Top YouTube Videos
The PEJ New Media Index also tracks the most popular news videos on YouTube each week.
The most viewed video last week was of a still photograph from celebrity gossip outlet TMZ which purported to show singer Rihanna after she was allegedly assaulted by another singer, Chris Brown. In the image, Rihanna’s face appears injured. Since then, the two have reportedly reconciled.
Most Viewed News & Politics Videos on YouTube
February 21 – 27, 2009
1. Photo of singer Rihanna after she was allegedly assaulted
2. CNBC reporter Rick Santelli rants about the government’s bailout while on the Chicago trading floor
3. Barack Obama’s complete address to Congress
4. Interview where Alan Keyes calls Obama a "radical Communist" and suggests that the U.S. will cease to exist if he is not stopped
5. Local news report from Kansas where a woman claims her hair weave stopped a bullet and saved her life
The second most viewed video was CNBC reporter Rick Santelli’s now famous Feb. 19 "rant" on the Chicago trading floor when he led the crowd in a display of outrage over Obama’s bailout and housing plans. The video quickly became an Internet favorite although Santelli’s new found fame cut both ways, bringing kudos as well as criticism.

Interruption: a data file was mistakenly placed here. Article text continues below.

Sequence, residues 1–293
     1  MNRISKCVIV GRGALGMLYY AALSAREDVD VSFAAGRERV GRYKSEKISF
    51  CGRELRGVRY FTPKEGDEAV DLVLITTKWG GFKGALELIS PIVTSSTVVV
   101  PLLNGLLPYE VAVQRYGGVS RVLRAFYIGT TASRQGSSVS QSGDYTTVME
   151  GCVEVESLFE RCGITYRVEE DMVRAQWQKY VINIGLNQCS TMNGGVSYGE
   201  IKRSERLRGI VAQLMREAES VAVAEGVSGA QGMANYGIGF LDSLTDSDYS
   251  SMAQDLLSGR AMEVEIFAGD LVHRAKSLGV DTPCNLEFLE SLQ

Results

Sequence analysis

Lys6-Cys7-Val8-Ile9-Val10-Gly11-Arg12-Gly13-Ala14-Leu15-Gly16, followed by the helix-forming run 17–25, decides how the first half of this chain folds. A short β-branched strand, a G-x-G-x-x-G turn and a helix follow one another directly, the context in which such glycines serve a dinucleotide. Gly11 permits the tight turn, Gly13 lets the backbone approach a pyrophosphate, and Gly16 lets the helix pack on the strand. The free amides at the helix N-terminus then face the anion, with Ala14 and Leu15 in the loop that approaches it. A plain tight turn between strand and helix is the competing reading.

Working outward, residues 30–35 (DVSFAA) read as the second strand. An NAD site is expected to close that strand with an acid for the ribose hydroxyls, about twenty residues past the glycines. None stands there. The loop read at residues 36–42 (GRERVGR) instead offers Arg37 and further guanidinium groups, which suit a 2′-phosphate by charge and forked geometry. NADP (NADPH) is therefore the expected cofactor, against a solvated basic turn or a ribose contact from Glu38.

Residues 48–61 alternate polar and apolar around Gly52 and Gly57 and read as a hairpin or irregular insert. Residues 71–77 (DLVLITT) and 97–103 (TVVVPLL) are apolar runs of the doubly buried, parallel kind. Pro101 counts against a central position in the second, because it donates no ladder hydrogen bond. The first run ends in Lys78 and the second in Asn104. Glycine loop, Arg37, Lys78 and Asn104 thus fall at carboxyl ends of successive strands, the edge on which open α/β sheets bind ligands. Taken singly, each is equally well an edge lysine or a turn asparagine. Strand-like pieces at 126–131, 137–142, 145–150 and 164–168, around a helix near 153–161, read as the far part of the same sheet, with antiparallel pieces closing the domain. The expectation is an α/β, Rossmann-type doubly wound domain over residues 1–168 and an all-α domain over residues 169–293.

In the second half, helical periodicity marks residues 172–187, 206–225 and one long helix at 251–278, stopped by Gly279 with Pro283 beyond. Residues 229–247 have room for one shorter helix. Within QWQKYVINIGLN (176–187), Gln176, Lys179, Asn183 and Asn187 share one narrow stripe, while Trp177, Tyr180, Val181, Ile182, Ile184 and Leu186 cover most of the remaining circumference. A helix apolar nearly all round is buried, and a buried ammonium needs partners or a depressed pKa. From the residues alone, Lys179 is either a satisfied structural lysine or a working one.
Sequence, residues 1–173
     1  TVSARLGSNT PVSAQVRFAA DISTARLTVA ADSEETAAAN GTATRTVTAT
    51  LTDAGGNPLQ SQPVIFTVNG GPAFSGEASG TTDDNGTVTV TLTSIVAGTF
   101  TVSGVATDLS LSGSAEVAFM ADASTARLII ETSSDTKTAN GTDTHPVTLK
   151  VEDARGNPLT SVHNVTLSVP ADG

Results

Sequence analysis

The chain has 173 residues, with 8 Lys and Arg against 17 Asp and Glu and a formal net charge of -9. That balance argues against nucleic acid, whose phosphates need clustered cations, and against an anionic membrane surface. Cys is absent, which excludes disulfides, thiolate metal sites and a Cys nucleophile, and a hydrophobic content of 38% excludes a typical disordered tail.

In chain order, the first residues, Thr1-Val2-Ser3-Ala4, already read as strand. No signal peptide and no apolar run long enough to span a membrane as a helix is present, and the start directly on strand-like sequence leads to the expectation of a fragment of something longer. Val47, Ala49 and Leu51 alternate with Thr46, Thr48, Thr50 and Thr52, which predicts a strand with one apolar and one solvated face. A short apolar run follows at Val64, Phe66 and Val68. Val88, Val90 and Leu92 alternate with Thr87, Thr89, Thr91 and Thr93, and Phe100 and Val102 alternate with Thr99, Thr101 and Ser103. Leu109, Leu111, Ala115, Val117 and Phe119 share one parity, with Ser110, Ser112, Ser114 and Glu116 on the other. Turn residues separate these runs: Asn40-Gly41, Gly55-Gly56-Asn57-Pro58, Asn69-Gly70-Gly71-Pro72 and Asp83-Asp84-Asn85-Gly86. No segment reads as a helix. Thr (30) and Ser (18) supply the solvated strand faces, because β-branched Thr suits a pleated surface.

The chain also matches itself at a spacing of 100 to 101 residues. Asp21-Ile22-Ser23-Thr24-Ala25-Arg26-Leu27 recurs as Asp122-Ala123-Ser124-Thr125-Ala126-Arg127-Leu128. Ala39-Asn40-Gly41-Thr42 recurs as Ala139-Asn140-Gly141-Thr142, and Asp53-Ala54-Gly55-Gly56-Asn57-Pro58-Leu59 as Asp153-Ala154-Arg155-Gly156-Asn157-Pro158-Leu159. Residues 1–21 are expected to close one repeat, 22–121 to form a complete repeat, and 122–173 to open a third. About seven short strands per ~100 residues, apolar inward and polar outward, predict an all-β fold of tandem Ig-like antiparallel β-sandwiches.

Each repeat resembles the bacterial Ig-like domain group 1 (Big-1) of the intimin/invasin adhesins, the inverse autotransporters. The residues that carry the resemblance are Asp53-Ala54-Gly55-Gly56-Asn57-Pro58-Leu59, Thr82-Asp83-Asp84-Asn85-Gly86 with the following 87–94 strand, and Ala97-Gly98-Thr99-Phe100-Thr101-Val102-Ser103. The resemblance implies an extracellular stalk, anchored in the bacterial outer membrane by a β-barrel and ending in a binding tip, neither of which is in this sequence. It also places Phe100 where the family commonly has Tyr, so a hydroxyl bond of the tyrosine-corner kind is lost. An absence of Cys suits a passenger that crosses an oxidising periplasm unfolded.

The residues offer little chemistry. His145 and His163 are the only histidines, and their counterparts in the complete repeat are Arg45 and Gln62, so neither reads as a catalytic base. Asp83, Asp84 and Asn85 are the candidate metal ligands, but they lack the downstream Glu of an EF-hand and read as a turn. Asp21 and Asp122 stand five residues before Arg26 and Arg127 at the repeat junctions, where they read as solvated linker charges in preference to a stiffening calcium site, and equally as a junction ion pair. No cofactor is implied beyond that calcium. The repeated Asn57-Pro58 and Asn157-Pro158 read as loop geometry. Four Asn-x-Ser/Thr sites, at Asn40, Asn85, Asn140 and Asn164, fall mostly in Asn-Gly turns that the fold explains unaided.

The New Media Index is a weekly report that captures the leading commentary of blogs and social media sites focused on news and compares those subjects to that of the mainstream press.
PEJ is launching the New Media Index as a companion to its weekly News Coverage Index. Blogs and other new media are an important part of creating today’s news information narrative and in shaping the way Americans interact with the news. The expansion of online blogs and other social media sites has allowed news-consumers and others outside the mainstream press to have more of a role in agenda setting, dissemination and interpretation. PEJ wanted to find out what subjects in the national news the online sites focus on, and how that compared with the narrative in the traditional press.